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Portland Bureau of Transportation

Phone: 503-823-5185

Fax: 503-823-7576

1120 SW Fifth Ave, Suite 800, Portland, OR 97204

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Get to Know Your Streets

Types of Legal Crosswalks

  • A crosswalk exists at any public street intersection, including “T” intersections, whether marked with paint or unmarked. (ORS 801.220)
  • Crosswalks also exist between intersections (mid-block), but only if they are marked with white lines.
  • Pedestrians are only allowed to cross mid-block at an unmarked crossing if they are more than 150 feet from a marked or unmarked crosswalk. (Portland City Code 16.70.210)

types of crosswalks

Along with stopping for pedestrians at all legal crosswalks, motorists and cyclists also must:

  • Stop and remain stopped for students as directed by a crossing guard. (ORS 811.124)
  • Stop and remain stopped for a blind pedestrian using a white cane or guide dog until the pedestrian is completely across the roadway. (ORS 811.035)


Pedestrian Responsibilities

Oregon laws provide protection and opportunity to cross the street safely. At the same time, pedestrians are responsible for acting in a safe manner and crossing legally.

  • Before crossing, pedestrians must show intent to cross by extending part of their body, wheelchair, cane, crutch or bicycle into the roadway. (ORS 811.028)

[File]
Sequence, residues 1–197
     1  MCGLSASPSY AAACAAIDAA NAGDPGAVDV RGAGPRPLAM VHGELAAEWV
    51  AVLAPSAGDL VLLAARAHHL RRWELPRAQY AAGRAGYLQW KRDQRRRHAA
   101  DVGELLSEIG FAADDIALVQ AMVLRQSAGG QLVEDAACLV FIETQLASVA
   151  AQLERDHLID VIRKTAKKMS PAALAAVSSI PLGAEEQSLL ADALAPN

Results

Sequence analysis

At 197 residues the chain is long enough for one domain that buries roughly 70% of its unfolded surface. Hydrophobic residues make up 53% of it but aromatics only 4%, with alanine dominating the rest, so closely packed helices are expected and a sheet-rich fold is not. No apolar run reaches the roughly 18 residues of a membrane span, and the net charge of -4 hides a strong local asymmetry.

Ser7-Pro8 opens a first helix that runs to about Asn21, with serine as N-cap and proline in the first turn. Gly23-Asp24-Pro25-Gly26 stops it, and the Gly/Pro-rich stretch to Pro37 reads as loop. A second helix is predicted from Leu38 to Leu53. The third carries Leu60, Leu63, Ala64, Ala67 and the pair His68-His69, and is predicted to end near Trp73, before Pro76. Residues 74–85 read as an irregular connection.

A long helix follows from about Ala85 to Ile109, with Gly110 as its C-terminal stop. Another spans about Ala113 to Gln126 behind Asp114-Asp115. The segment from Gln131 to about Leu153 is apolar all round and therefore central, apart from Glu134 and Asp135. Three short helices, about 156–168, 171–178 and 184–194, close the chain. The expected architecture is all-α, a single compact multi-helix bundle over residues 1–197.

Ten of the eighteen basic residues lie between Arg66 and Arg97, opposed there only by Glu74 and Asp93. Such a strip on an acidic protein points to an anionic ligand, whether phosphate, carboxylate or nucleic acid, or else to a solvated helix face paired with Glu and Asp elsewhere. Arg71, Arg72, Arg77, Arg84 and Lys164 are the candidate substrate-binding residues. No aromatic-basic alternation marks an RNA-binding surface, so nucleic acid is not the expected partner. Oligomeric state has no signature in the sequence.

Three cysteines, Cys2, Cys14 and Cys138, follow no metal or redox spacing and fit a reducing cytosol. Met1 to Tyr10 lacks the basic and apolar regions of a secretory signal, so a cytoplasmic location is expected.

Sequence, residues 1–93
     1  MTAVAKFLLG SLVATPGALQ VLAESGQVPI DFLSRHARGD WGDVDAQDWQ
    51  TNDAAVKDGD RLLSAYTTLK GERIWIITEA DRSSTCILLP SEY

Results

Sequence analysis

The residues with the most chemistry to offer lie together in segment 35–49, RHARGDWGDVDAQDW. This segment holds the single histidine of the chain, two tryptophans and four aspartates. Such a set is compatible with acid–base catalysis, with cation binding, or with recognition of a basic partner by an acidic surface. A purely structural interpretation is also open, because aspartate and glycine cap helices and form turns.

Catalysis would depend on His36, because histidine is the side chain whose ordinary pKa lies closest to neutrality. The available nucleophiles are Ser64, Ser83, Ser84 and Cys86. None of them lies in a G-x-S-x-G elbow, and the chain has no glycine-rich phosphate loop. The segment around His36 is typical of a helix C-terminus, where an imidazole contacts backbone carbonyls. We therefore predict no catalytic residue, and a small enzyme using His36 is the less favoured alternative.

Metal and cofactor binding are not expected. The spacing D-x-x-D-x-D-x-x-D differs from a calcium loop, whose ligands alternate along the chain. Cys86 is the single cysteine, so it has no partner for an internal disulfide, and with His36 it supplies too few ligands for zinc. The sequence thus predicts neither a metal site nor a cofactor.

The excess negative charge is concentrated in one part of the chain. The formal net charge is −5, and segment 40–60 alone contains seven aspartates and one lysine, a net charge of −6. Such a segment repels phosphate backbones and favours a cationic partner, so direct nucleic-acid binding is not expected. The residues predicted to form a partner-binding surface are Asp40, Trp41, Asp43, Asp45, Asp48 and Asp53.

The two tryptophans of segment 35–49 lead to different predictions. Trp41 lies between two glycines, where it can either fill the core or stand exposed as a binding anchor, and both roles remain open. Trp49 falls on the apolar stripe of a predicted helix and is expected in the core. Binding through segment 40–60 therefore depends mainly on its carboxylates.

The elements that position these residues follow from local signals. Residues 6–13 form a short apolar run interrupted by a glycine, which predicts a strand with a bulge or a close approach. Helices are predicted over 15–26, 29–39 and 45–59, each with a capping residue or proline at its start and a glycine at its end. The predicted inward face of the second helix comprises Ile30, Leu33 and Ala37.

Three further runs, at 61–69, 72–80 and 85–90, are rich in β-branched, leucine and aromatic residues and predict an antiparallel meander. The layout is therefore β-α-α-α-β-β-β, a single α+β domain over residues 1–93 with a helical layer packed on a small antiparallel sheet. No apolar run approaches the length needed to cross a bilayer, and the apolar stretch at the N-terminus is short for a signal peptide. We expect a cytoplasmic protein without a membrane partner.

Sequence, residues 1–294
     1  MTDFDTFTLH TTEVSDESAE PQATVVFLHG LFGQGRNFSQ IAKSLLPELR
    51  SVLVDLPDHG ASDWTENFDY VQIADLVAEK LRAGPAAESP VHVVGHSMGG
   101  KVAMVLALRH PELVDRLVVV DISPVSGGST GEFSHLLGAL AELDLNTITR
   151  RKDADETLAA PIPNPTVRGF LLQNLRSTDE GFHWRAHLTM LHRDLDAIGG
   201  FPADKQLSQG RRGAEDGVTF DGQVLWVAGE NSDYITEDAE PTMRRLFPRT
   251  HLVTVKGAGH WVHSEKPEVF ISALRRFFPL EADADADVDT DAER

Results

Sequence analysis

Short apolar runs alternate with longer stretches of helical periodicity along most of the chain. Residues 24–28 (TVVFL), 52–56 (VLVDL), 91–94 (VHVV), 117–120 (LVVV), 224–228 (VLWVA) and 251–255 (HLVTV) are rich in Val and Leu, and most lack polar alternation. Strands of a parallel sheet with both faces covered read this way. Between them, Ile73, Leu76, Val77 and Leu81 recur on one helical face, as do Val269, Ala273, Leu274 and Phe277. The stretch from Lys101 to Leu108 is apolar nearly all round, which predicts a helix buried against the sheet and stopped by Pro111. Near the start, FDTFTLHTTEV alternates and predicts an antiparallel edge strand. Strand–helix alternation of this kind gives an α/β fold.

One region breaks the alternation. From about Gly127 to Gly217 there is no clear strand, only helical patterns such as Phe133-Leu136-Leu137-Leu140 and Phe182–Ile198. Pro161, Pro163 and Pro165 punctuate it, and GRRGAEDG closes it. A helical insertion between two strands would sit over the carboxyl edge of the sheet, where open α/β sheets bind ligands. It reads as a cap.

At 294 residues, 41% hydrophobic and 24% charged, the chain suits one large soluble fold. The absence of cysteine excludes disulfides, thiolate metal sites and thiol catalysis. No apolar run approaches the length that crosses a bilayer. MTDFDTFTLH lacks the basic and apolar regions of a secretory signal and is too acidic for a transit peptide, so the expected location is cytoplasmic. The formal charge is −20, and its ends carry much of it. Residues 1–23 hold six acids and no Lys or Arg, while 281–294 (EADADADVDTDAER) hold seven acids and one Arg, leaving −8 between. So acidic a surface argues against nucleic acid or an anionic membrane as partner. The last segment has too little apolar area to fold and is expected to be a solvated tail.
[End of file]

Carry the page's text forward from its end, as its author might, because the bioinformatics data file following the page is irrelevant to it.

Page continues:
• Pedestrians need to allow drivers enough time and distance to stop before crossing. (ORS 811.005)

Two-lane crossingsStay Alert at Two-Lane Crossings

Cross with caution on streets with two or more lanes of vehicles traveling in the same direction. If one vehicle stops for a pedestrian and another vehicle overtakes it on either side, the pedestrian may not be visible and can be hit.

In this situation, you may be blocked from the view of other approaching motorists by a stopped vehicle. Before entering the next lane of traffic, STOP and look to make sure all approaching vehicles have stopped for you before crossing the next lane.

Know Your Signals

Know Your SignalsLOOK! Have cars stopped? Then go.
Watch for turning and oncoming cars.

DON’T START CROSSING! Finish crossing if already in the crosswalk when the signal begins flashing. Countdown signals let pedestrians know how much time remains to cross.

STOP! DON’T LEAVE THE CURB. You are usually mere seconds from a new WALK signal.

Rapid Flash BeaconsRapid Flash Beacons

Rapid Flash Beacons are installed at specific crossings to alert drivers to the presence of pedestrians. When pedestrians activate the push button system, yellow LED lights flash to let drivers know the crosswalk is in use.

After pressing the button make sure vehicles have stopped before crossing the street.

Say Hello to Neighborhood Greenways!


Neighborhood Greenways are residential streets with low speeds and low volumes of auto traffic where bicycles and pedestrians are given priority. They offer many new and exciting facilities to make your walk safer and more enjoyable.

What to expect on a Neighborhood Greenway

  • Pavement markings, or “sharrows,” alert drivers to expect people bicycling and have improved crossings and curb ramps to make pedestrian mobility safer and more enjoyable.
  • Speed bumps to help slow auto traffic.
  • Traffic diverters to keep cars trying to avoid busy main streets from cutting through on neighborhood streets.

Click for more information and maps of current Neighborhood Greenway projects.